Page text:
Wee bit confused, but will press on... the goose neck is normally the boom fitting to the mast for the main sail (not the jib). If it's this then EEEEEEEEEEEEEEEEEEEEEEEEEeekkkkk
don't even think of using Al rivits. Think when you let the sail out on a run or a reach. The sail is basically supported at three points: the head at the top of the mast, the clew at the outboard end of the boom and the tack at the boom mast fitting. All three of these places take 'huge' loadings as the force is transfered from the sail into the boat structure.
On a reach the centre of effort of the sail is ~ 0.6 m aft of the mast, say the sail is ~14m^2 in a wind speed of 16 knots, with (dry) air density of 1.3 kg/m^3 this gives a force on the sail of: 328 kg ~ 1/3 metric tonne (in actual fact owing to the angle of the sail and forward speed this force will be slightly different to this, downhaul, main sheet tension and mast rotation ratchet up the forces). Taking a simplified case the lever arm acting on the goose neck is the force x distance at which the force is applied... which roughly is 200 kg of force ~440 lbs. This is napkin engineering, but it's trying to illustrate that a considerable percentage of the force is transfered to the boat through the goose neck fitting.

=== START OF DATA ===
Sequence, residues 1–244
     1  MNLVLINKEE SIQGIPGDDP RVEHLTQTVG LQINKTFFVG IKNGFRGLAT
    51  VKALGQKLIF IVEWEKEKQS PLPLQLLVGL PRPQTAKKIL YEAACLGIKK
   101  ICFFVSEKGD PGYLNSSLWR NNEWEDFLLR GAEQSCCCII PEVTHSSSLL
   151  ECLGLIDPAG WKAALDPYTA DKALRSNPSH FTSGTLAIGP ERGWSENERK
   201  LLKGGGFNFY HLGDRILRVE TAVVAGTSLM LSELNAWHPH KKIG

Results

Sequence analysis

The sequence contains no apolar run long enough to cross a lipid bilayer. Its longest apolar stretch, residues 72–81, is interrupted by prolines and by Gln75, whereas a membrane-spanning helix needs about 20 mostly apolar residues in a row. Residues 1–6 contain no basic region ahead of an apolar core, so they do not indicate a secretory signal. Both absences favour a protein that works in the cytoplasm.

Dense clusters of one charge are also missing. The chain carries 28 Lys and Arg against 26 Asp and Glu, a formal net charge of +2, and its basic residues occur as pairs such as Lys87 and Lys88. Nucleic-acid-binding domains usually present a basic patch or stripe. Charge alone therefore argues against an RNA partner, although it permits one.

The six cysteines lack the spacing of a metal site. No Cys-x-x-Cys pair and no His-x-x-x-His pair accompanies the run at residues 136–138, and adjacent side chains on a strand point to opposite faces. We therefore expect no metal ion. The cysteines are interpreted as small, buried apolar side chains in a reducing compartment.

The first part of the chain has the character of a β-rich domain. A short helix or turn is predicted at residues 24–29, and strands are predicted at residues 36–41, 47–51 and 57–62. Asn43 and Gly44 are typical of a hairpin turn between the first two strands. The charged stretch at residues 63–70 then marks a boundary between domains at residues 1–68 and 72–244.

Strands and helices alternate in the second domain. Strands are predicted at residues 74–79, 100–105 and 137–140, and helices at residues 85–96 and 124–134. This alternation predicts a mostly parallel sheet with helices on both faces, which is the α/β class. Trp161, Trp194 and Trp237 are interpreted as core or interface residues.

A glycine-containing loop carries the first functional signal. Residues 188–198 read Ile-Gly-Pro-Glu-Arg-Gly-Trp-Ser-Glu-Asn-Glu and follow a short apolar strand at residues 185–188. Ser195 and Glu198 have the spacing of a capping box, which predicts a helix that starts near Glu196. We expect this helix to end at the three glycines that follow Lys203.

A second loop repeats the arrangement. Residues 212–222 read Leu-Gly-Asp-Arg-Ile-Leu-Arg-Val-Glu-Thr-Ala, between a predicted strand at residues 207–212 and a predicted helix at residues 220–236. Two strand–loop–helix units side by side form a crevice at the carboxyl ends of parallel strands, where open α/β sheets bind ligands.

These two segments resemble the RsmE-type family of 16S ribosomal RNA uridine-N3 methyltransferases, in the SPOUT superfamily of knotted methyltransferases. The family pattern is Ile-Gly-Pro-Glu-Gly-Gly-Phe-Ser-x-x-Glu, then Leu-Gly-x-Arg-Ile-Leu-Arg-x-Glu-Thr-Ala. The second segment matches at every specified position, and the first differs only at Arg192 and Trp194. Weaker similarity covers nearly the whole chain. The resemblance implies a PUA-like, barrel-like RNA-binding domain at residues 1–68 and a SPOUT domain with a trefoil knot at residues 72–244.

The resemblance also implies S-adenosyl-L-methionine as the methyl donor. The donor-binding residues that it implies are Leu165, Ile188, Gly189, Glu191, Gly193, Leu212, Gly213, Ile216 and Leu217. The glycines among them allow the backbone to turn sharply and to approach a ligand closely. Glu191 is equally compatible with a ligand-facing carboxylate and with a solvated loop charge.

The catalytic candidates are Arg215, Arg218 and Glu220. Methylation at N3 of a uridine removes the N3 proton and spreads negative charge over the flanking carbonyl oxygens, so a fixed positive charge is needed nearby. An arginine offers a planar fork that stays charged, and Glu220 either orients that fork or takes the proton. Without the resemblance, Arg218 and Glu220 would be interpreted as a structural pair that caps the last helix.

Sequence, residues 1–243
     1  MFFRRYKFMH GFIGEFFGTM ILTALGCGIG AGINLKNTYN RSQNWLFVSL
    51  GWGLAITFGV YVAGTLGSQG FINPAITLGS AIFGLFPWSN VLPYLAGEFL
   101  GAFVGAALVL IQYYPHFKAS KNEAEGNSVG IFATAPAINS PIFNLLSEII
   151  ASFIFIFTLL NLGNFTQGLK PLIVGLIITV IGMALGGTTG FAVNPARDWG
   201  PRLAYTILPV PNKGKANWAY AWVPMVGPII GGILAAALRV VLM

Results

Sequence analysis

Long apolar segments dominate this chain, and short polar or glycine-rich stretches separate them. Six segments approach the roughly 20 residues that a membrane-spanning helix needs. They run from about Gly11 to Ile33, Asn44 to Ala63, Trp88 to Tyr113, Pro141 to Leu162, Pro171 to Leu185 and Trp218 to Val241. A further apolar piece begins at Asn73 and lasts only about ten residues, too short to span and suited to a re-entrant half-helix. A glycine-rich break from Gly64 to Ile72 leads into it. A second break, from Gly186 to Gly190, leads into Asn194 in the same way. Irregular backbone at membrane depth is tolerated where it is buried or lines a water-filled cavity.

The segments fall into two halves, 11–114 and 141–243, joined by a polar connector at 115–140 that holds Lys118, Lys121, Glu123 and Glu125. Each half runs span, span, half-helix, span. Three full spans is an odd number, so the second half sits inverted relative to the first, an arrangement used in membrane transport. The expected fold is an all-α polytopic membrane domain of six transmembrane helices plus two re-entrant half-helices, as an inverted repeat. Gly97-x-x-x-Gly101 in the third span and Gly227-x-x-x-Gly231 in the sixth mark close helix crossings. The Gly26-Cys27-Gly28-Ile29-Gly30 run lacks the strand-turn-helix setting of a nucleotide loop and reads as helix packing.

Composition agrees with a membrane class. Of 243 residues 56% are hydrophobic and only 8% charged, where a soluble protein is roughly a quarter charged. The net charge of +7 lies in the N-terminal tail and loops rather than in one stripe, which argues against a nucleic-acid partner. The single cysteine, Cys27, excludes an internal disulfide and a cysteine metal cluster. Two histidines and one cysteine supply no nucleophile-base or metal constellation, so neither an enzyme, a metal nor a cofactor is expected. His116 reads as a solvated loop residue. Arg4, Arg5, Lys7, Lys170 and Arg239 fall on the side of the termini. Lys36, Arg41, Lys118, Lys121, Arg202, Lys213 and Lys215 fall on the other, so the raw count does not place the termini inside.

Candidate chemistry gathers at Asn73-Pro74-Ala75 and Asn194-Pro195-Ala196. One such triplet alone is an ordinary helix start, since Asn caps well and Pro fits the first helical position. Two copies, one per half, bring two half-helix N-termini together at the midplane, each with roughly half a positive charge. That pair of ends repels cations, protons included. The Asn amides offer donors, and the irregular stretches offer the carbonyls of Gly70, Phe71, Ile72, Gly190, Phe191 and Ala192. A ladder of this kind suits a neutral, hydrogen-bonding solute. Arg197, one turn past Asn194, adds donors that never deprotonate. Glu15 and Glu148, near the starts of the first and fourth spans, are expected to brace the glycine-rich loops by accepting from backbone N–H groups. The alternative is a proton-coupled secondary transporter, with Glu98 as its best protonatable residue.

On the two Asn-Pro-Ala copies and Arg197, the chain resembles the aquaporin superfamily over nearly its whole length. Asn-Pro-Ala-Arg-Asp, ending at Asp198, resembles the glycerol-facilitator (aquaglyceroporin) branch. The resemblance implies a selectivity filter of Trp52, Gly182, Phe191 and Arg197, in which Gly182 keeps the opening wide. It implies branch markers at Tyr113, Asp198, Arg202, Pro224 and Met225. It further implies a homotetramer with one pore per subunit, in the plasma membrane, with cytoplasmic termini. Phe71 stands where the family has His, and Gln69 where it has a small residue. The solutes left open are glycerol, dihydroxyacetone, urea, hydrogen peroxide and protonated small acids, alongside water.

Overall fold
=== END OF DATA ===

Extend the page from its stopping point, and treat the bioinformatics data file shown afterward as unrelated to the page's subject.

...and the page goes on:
All boat specific rivits that I know of, in Europe are Montal rivits, which are okay between al and stainless steel fittings. Make sure you put gaffer tape or an insulating layer between the mast and the fitting before riviting.